13 June 2011

San Diego 100 Mile Race Report: Tales from the Crypt

Hard earned sub 24 buckle, yeah.
What a weekend for the San Diego 100 Endurance Run. I flew into San Diego Thursday and my friend (up to this trip just blogging and email friend), Matt and his son, Jack, picked me up and headed to their place where I met his awesome wife, Angela. 

Instead of driving out to Mt Laguna Friday for the prerace stuff (Matt would have to make 3 trips out there for me already), we went for a short morning run, then putzed around SD where Matt showed me the area where he grew up by the ocean. It was a really relaxing, fun day to spend time with him and his son. Matt and I realized and acknowledged that we are eerily similar in many regards, so I can't point out any quirky observations of him since it would be a reflection of myself. Actually, we had a great time and I truly enjoyed spending time with him and his beautiful family. 

Matt and Jack.  Thanks so much to you guys and Angela for the great weekend and your generous hospitality and the fun conversation and laughs.

As with most of my races, I was fairly relaxed going into this one. I had conservative splits planned, the weather looked good, I felt good, and I was eager to spend the day on the trails. 

Race morning I saw fellow Coloradan and genuinely nice guy, Dylan Bowman and we chatted a bit. I picked him to win but didn't tell him lest it put some voodoo on the boy beforehand. 

Dylan giving the thumbs up, which must mean "1" as in first place.
Race Director, Scott Mills, giving last minute instructions just before the 7am start.  On the line, Dylan Bowman, Rod Bein, Topher Gaylord, Ben Hian with Krissy Moehl, the female dominating force lurking around the front as well.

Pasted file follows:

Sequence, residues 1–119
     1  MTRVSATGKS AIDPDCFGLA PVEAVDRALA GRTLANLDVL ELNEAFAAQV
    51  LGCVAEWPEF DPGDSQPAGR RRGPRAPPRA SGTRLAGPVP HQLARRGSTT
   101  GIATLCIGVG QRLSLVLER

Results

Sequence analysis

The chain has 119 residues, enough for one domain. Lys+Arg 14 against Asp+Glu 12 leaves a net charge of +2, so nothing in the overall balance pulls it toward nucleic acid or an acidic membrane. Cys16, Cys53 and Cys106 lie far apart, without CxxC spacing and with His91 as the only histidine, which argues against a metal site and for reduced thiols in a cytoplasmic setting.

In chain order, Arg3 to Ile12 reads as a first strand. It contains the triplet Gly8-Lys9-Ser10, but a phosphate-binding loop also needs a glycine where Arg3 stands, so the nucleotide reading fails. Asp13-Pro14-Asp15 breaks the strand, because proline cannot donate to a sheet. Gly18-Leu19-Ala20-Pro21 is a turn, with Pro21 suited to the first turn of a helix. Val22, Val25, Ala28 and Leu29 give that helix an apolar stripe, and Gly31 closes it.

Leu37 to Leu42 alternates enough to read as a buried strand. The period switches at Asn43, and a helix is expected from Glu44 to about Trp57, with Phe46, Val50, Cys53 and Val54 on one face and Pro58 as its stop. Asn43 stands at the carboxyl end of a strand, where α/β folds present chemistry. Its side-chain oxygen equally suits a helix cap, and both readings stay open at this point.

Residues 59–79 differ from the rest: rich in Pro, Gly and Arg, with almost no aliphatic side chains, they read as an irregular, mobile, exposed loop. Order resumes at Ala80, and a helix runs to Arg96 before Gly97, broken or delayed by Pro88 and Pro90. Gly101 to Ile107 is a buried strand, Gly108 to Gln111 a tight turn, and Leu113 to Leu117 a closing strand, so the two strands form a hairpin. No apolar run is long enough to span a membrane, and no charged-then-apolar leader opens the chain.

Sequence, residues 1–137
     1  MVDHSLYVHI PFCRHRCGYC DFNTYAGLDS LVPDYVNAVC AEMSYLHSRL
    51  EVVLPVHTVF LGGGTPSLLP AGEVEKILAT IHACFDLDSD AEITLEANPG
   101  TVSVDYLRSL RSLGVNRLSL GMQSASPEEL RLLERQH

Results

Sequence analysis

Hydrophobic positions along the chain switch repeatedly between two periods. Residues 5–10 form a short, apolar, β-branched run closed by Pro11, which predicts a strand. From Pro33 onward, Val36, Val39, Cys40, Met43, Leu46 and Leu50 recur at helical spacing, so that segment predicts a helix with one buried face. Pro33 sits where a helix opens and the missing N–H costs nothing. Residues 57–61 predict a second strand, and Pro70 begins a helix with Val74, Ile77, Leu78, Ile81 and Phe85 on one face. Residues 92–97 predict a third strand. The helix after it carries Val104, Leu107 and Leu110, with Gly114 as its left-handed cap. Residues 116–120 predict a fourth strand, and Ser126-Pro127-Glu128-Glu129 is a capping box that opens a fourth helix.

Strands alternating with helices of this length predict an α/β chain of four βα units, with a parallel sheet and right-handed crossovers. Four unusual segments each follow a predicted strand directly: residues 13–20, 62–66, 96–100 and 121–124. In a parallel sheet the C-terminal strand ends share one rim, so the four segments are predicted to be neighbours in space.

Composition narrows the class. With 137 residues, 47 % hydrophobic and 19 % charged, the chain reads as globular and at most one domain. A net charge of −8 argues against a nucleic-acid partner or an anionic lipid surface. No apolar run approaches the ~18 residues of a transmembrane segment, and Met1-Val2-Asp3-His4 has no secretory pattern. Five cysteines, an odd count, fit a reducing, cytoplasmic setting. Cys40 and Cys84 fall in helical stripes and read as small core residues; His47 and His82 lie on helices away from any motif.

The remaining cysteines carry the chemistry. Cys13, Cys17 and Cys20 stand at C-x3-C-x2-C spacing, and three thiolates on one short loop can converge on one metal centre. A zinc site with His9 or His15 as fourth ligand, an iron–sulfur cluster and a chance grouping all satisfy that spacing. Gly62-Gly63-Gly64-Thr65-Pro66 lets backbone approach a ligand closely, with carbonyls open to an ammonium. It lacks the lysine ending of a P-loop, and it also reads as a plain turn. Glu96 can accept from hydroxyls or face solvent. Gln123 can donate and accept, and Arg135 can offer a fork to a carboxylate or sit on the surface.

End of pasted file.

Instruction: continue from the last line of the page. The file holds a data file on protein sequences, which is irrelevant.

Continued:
From the start I eased into a soft pace around 10th place and spent most of the first hour talking with a couple guys. I hit the first aid station at 7.4 miles at 1:07 into the race and felt good. Things continued like this and by the 31.3 mile aid station I was up on my splits by about 50 mins, hitting the 50k point in right around 5 hours. 

Enjoying the early hours of the race in my summer-y white McDavid calf sleeves.

Chatting with Matt as he's taking pics.
The San Diego 100 holds back on nothing.  Super hard, well marked course, stocked elaborate aid stations, very high quality items given to participants (embroidered sweatshirt, Patagonia tech shirt, socks, bag, nutrition bottle, nice sub 24 buckle, finisher medal.  Really spectacular race.

From here at mile 31.3 we head out for a hilly 5 mile loop that comes back to the same aid station. I made the mistake of not eating there or grabbing any gel for the loop. I think at this point I started transitioning into a racing mindset and was more concerned with moving up on people, so overlooked fundamental things like food and water. That loop was awful. It was hot and exposed with swarms of horseflies. I got so frustrated by trying to keep them off me that I just let them come along for the ride and bite me. 

I reached the end of the loop and the aid station again, now mile 36ish. I was spent from no calories over the last couple hours so I ate a gel a the station and grabbed two for the climb out. I felt weak but not worried. The next section would be the crux of the race and lead to the culmination of mistakes I'd made and was about to make.